The coming week, in events that get to your heart through your stomach.
Tuesday, September 1
Learn the basics of safe home canning in Preserving the Flavors of Summer, a popular class at the Willy Street Co-op. Taught by Charles Dykman, the lesson includes information on water bath canning and other procedures for preserving fruits, vegetables, salsas, and meats, as well as a "lab" in which students will can a quart of tomatoes. Willy Street Co-op, 1221 Williamson St., 5:30-8:30 p.m., $5 for members and $20 for non-members. Call 251-0884 for more info.
Join University of Wisconsin Extension specialist Bob Tomesh for a Fruit Walk in Verona, and learn more about the cultivation of grapes, raspberries, blueberries, strawberries, apples, and lesser-known treats. UW West Madison Agricultural Research Station, 8502 Mineral Point Rd., Verona, 6 p.m. Free.
Wednesday, September 2
UW-Madison Scandinavian Studies doctoral student Carrie Roy will detail the curious wonder of a culture that mixes lye with fish in her talk, "Lutefisk Traditions in the Upper Midwest" at the next meeting of the Culinary History Enthusiasts of Wisconsin, or CHEW. A specialist in Medieval Iceland, material culture, and folklore, Roy will also screen her documentary Where the Sacred Meets the Quivering Profane: Exploring the Public and Private Spheres of Lutefisk. Goodman Community Center, 149 Waubesa St., 7:15 p.m., free. Call 241-1574 for more information.
Thursday, September 3
Laurie Zimmerman will be hosting an Apple & Honey Tasting in anticipation of the upcoming Rosh Hashanah holiday, with both natural sweets of the locally-grown and -produced variety. Whole Foods Market, 3313 University Ave., 5-7 p.m., free.
Friday, September 4
Take aim and fling handfuls of farmyard feces at the Wisconsin State Cow Chip Throw & Festival in Prairie du Sac. No, this does not sound appetizing but this "Moo de Grass" is the35th annual celebration of the creature responsible for the state's most famous edible product. Along with the titular competition, this two-day party features a parade, a fun run, live music, kids entertainment, and a food court with eats provided by community groups from throughout the area. Just be sure to wash those hands. Marion Park, Prairie du Sac, 5-11:30 p.m. on Friday and 8 a.m.-11:30 p.m. on Saturday. Call 608-643-4317 for more info.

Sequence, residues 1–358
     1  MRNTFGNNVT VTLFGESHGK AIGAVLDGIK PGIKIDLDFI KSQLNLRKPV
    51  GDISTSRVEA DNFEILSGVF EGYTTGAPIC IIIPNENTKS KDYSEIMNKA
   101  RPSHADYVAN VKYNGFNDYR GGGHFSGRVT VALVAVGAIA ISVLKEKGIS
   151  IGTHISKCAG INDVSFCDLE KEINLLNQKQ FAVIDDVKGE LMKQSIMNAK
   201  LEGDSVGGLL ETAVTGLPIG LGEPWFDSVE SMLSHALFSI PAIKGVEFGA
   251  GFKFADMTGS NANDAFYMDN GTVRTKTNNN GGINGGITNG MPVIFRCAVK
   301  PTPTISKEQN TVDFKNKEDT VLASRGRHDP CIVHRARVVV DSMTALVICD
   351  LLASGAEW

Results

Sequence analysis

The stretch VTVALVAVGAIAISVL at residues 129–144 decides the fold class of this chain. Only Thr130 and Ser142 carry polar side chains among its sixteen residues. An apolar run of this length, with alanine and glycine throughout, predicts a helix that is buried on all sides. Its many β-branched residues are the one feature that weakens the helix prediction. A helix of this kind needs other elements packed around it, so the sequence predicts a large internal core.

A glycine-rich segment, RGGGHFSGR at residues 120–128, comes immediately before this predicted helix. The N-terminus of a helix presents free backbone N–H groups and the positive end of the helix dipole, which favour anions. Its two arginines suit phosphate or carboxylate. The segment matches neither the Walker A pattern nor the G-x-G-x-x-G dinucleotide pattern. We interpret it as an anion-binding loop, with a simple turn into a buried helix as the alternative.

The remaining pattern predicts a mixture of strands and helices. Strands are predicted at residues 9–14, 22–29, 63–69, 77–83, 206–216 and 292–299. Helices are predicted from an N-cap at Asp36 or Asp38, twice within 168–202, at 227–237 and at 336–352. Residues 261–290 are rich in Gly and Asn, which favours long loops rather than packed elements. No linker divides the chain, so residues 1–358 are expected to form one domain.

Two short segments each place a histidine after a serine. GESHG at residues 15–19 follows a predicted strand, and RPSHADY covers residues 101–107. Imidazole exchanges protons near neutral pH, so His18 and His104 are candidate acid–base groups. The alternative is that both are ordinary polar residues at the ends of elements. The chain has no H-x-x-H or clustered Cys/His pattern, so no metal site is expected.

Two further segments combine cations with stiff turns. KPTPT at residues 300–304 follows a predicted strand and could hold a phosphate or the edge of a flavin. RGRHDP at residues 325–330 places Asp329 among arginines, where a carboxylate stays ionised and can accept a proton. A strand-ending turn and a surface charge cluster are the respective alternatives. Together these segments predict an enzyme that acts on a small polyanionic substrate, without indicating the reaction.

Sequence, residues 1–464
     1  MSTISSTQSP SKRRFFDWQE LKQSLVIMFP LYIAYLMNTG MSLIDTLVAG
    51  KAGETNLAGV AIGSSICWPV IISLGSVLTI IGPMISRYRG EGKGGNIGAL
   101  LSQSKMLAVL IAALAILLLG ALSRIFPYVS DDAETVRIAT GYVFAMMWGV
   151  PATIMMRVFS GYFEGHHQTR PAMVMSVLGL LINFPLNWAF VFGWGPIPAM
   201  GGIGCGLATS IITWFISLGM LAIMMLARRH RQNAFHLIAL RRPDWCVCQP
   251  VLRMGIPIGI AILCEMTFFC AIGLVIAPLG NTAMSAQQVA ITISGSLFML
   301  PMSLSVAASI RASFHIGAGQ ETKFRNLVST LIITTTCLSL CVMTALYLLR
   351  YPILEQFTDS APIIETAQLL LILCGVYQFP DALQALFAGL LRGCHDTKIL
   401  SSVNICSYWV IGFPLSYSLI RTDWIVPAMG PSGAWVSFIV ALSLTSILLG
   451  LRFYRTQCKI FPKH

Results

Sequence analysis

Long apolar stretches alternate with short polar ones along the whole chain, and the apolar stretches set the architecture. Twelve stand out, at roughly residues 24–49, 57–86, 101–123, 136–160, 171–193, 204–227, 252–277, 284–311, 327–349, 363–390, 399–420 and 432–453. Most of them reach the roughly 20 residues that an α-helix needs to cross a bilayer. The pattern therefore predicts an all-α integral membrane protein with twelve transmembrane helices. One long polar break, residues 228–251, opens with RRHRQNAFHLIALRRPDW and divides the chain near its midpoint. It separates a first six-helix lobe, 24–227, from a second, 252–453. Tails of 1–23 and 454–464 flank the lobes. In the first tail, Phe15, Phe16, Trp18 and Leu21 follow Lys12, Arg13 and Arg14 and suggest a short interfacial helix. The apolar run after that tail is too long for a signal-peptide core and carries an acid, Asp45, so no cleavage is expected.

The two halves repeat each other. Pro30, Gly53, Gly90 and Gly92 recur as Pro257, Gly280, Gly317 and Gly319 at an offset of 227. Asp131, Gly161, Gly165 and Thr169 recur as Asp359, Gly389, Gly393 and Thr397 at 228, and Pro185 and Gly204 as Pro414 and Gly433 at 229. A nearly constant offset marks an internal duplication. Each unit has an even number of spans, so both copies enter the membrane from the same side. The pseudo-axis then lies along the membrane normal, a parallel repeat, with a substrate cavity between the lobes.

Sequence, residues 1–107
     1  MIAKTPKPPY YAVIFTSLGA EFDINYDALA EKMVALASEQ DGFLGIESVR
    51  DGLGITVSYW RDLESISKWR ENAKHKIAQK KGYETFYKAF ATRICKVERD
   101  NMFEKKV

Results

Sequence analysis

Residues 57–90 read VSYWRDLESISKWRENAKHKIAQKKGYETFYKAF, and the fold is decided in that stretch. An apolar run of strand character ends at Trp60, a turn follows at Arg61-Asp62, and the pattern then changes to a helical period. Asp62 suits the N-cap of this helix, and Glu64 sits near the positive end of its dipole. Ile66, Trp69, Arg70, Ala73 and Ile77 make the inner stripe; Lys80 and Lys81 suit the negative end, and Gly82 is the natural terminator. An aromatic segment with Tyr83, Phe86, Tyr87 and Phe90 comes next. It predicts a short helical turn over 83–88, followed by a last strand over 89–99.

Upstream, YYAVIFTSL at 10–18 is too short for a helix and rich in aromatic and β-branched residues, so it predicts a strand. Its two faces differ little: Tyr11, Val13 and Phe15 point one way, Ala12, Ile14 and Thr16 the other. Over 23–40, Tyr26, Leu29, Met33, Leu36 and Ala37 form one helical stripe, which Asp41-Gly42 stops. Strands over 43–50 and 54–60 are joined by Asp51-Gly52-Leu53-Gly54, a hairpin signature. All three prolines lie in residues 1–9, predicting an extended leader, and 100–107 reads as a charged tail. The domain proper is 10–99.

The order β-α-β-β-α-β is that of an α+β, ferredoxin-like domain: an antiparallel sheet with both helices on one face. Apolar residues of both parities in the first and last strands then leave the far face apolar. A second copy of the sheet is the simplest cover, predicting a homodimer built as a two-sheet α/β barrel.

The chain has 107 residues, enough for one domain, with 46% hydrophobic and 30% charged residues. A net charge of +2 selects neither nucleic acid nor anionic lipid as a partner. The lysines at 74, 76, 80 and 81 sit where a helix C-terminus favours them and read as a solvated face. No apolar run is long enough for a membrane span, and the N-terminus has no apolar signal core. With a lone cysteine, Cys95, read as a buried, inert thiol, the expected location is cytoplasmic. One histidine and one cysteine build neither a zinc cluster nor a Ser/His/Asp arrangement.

Saturday, September 5
Make sure to bring a ravenous appetite to the Taste of Madison, easily the largest food-related event of the year in the city. The traditional end-of-summer culinary carnival attracts an estimated 150,000 people downtown for two days to sample more than 200 dishes offered by 60-odd restaurants and caterers from around the region. Amidst the ubiquitous festival fare offered by local and chain participants alike, the collective menu boasts numerous delicious gems, many of which are highlighted in the "Best of Taste" awards bestowed across 14 categories. Along with the eats, patrons of the Taste can also find multiple stages of live music performed by several dozen local and national artists, 20 beverage stands, a broadcast of the Wisconsin football home opener, and excellent people-watching opportunities. The Taste is also a fundraiser for United Cerebral Palsy of Dane County, which has been the festival's charity of record since its founding nearly three decades ago. Capitol Square, 2 p.m.-9 p.m. on Saturday and 11 a.m.-7 p.m. on Sunday. Call 276-9797 for more information.
Sunday, September 6
Free-thinkers and skeptics of all stripes are invited to partake in the Humanist Union Family Picnic, put on by Non-Believers of Greater Madison. Bring a dish to share, along with beverages and utensils. Marlborough Park on the southwest side, or in the case of rain, the Prairie Unitarian Universalist Society, 2010 Whenona Dr., noon-3 p.m., free. Call 273-8775 for more info.
Monday, September 7
Celebrate the value of hard work and solidarity at LaborFest, the annual Labor Day celebration thrown by the South Central Federation of Labor. The party includes live music, kids' activities, info tables, and a bounty of summertime eats, including hot dogs, Italian sausages, corn on the cob, Louisiana-style rice and beans, and plenty of soda and beer. Please bring a non-food household item (such as soap, toothpaste, detergent, or paper products) for donation through a local food pantry to help the unemployed and underemployed works struggling in this tough economy. Madison Labor Temple, 1602 South Park St., noon-5:30 p.m., free.